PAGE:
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Xiyong (Xi-Chong) water temperature
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Xiyong (Xi-Chong) Water Temperature and Wetsuit Guide

(Guangdong, China)

Today's Xiyong (Xi-Chong) sea temperature is 28.6 °C.

Statistics for 18 Jul (1981–2005) – mean: 28.7 °C, range: 27.2 °C to 29.7 °C

Very warm air temperatures and very warm water(28 °C) too at Xiyong (Xi-Chong), warm enough for wearing board shorts and a rash vest in the surf. Cloudy, but feeling very pleasant in and out of the water.

China Sea Water Temperature

Map of current China
Surface Water Temperatures
based on measurements from oceanographic satellites
China Water Temperature Anomaly

Map of current China
Sea Water Temperature Anomalies

(compared with long term averages
at this time of year)

(click thumbnails to expand)

Below is a graph of Historical Sea Surface Temperature for Xiyong (Xi-Chong). This has been derived from analysis of two decades of oceanographic satellite measurements of nearby open water. We have calculated the average water temperature variation around the year as well as the extremes that have been observed on each date.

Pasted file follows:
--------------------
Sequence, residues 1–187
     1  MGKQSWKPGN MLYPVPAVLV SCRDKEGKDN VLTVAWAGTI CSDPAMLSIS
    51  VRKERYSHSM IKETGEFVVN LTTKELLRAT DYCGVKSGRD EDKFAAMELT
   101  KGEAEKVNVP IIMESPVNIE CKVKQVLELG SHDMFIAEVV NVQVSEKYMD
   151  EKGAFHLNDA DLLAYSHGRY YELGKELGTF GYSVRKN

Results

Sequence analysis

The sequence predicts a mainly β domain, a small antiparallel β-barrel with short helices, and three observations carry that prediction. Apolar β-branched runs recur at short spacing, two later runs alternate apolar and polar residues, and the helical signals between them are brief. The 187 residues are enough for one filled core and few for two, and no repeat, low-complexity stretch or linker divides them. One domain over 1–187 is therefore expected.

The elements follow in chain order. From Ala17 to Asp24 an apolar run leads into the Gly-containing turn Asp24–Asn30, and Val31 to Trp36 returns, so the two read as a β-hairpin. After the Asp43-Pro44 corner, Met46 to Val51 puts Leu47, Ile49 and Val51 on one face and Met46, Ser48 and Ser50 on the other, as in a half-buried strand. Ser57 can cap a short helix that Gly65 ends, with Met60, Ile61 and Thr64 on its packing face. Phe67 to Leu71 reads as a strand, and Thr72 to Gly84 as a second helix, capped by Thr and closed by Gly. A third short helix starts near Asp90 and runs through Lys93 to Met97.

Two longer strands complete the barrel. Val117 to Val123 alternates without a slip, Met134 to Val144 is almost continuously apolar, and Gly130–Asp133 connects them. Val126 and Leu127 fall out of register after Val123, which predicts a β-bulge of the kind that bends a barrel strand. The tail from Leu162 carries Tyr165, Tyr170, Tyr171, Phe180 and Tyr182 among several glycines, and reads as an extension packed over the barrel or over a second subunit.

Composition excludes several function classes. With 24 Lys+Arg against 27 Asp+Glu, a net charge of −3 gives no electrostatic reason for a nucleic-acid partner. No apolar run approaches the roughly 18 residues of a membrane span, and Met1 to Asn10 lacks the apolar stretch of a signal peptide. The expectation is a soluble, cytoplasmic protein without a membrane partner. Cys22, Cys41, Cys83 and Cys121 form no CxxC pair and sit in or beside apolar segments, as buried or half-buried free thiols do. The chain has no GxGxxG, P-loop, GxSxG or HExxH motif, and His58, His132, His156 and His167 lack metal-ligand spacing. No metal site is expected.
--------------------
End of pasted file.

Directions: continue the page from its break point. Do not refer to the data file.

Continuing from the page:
Xiyong (Xi-Chong) Water Temperature Graph

All of the graphs for the surf breaks presented on Surf-Forecast.com are on the same scale to enable comparison between locations around the world.

Actual sea surface water temperatures close to shore at Xiyong (Xi-Chong) can vary by several degrees compared with these open water averages. This is especially true after heavy rain, close to river mouths or after long periods of strong offshore winds. Offshore winds cause colder deep water to replace surface water that has been warmed by the sun. Air temperature, wind-chill and sunshine should also be considered before deciding on the kind of wetsuit needed to stay warm when surfing at Xiyong (Xi-Chong). Refer to our detailed weather forecasts for this information.

 

FEATURE UPDATE: we now show red swell icons for 'open sea' swells that are travelling in an unfavourable direction for the surf break. In places, these swells may still wrap around coastlines and produce smaller waves at some breaks. They are also significant for windsurfers and other water users that tend to venture further off-shore.